Sunday Stealing: The Fairy Tale Meme

In Which I AM Disabled

Alternatively titled, "Conversations With My Self"

(If you respond, please be kind. This post is intensely personal, and my psyche is a fragile one.)

Hey, there.

If you're writing this, then you're me; if you're reading it, you're probably not me, so let me allow you into my brain for a little while to paint the picture of what being disabled by a mental illness might be like:

First, let me link you to this page about whether being bipolar is a disability as characterized by the Social Security Administration or not. (It is.)

Second, let me explain, in case you're new here:

I've experienced many traumas in my life, including the sudden and unexpected death of my mother (she was 33; I was 7) as a child and the subsequent extreme mental abuse I endured from The Bitch From Hell that my dad started dating, oh, three months later (oops, is my bitterness apparent?) and married within a year.

I believe that in addition to genetics (at least depression on both sides of my family) and my personal neurobiology, those two things were critical in my becoming what lesser-educated individuals in society might term "a mental case."

{During my adolescence, I attempted suicide several dozen times. I tried using my bedroom window as a guillotine. I tried so many times to slice my wrists, but I was too much the wimp. At least a half-dozen times, I went through the house taking three or four of every medication I could find - including my evil stepmother's heart meds - and was so pissed off when I woke up the following day. I tried suffocating myself, either by stringing a line from corner to corner of my room and resting my chin on it (something I'd heard would work, as ridiculous as it may now sound) or by choking myself with a cord as  fell asleep at night. I pondered so many other choices, like jumping or carbon monoxide poisoning in the garage... for whatever reason, I still say weakness or fear of the aftermath of failed attempts, I never tried those things. I was so intent, every single day, on killing myself that I became obsessed with thoughts of my own death. By the time I got to college, if I broke a nail, the suicidal ideation came flooding in - and I'm not exaggerating there. All this to say, my brain got broken as a kid, and I've spent my entire adulthood trying to fix it.}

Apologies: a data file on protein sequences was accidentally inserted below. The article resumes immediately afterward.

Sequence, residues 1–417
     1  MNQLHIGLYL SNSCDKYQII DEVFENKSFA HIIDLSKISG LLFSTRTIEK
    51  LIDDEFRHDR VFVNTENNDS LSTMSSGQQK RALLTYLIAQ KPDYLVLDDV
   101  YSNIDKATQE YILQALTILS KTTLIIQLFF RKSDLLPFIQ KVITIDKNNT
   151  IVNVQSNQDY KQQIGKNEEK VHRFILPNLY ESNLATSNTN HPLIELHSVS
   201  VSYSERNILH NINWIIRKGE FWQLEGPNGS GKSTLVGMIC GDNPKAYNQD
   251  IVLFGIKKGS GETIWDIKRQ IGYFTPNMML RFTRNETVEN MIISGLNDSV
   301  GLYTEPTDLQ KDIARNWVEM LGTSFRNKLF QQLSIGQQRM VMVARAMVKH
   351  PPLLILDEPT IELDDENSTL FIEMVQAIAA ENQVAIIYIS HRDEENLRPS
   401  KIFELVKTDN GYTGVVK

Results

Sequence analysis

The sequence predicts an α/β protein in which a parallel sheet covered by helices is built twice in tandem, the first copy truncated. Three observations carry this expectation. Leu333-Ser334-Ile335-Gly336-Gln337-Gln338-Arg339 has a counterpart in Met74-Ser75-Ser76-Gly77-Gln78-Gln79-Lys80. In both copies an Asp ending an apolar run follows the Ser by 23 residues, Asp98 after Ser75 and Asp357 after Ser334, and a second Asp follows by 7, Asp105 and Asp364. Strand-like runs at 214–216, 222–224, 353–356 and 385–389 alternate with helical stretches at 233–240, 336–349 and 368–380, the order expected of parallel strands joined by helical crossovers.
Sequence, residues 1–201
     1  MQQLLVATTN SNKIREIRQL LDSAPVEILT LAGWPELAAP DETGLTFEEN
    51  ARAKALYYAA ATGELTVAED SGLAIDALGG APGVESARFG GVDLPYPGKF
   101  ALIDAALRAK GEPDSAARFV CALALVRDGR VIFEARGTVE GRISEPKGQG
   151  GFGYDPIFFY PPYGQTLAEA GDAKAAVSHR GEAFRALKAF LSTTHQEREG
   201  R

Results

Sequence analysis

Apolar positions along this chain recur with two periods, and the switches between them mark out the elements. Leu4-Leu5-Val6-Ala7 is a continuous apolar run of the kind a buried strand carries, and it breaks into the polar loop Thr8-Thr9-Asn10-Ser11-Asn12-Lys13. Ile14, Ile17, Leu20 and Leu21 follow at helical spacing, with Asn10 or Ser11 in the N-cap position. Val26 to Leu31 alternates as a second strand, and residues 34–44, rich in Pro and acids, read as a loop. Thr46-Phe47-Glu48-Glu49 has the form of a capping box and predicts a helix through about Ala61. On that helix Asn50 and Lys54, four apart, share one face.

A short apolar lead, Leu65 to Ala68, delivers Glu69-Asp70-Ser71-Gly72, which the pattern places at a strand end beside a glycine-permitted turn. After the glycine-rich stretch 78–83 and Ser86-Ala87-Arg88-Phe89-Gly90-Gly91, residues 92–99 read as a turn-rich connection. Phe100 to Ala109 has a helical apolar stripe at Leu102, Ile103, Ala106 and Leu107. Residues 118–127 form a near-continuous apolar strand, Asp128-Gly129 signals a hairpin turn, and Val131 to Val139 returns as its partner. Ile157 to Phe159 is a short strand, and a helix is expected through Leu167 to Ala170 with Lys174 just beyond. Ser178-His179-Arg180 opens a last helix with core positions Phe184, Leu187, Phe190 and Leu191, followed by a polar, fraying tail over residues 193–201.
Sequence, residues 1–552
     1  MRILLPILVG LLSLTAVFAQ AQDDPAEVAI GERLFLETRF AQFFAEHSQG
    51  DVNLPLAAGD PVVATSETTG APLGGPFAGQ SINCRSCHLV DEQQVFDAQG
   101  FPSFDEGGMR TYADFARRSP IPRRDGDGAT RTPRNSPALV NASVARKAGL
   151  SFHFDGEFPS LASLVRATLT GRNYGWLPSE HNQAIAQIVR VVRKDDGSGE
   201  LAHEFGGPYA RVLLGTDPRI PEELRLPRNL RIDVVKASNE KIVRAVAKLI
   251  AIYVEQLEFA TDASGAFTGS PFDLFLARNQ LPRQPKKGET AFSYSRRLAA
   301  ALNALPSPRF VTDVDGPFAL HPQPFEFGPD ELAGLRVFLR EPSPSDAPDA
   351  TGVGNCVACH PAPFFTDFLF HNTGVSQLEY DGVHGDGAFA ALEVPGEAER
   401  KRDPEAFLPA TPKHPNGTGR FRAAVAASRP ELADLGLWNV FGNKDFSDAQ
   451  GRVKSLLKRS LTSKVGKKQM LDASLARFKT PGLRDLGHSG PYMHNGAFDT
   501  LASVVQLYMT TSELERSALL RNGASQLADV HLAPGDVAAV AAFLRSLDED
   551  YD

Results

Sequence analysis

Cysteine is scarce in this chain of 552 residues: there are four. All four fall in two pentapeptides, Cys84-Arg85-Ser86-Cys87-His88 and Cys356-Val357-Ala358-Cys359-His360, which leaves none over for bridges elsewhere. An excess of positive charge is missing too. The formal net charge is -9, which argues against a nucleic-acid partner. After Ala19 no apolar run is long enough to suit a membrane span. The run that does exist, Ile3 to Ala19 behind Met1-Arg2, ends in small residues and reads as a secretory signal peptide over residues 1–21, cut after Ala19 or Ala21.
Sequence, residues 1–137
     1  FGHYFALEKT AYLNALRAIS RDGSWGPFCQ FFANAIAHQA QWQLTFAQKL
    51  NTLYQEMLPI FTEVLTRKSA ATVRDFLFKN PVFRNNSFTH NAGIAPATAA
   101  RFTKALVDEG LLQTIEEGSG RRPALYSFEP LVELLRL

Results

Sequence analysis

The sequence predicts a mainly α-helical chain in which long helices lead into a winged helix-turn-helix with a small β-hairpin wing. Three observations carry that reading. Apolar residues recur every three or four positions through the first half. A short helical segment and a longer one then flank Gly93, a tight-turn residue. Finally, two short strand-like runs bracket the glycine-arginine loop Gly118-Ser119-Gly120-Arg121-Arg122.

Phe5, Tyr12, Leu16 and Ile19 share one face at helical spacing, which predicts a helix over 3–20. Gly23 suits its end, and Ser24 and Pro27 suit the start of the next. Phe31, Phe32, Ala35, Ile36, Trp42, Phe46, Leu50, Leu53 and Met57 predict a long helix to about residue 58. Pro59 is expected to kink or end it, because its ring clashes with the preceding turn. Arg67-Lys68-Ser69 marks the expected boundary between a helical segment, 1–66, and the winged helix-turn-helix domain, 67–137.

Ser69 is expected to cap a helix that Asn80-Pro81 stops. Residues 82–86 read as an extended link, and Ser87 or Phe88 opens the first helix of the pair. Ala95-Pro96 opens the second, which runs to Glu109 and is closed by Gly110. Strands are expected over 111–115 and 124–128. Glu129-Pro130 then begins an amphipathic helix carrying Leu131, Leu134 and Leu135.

However, it wasn't until the once-again sudden, unexpected death of one of our sons, when I was 26, that I spiraled out of control. For three years, I was lost in that grief, and sometimes now, I still find it miraculous that I came out of that on this side of the grave. I remember every detail of my pregnancy with Chloë and the boys, but I struggle to recollect any of it with Sophia. It's not until near her first birthday - three years after Robby died - that the memories become more transparent for me. That makes me sad, but it is what it is.

It wasn't until after that, though, that I was finally diagnosed. In my grad school therapy, it was simply "depression." (And I mean without the "manic" part of Bipolar, not only or just depression. Believe me, I know what that is like.) After Robby died, they had the gall to diagnose me as having post-partum depression. I couldn't argue out loud, to them, but in my head I was raging about that! As if. As if it was because my sons were born; no, it was because my beloved child had died, and ten years later, I still struggle to wrap my mind about that impossible concept.